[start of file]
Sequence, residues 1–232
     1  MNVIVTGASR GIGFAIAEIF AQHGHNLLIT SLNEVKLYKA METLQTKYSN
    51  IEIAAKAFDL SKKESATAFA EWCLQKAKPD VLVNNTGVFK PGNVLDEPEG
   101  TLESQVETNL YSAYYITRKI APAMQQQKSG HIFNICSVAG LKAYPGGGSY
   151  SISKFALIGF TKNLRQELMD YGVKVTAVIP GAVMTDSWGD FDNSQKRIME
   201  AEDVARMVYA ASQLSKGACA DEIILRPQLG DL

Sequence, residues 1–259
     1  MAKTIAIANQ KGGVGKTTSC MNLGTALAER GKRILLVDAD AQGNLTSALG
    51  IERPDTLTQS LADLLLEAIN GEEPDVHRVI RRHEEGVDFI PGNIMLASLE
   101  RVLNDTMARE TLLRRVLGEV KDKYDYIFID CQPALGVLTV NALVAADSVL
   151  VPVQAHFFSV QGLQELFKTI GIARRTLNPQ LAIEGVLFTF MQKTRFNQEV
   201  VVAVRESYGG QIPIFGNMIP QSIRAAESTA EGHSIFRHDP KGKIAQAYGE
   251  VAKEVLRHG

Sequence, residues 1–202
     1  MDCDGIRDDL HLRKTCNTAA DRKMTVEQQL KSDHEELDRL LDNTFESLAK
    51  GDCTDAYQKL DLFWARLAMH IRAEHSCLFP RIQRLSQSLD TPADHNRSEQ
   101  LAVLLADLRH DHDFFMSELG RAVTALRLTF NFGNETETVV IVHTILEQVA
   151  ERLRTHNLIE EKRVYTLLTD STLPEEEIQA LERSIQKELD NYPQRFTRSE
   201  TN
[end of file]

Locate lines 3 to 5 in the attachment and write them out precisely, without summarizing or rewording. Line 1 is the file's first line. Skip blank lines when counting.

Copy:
    51  IEIAAKAFDL SKKESATAFA EWCLQKAKPD VLVNNTGVFK PGNVLDEPEG
   101  TLESQVETNL YSAYYITRKI APAMQQQKSG HIFNICSVAG LKAYPGGGSY
   151  SISKFALIGF TKNLRQELMD YGVKVTAVIP GAVMTDSWGD FDNSQKRIME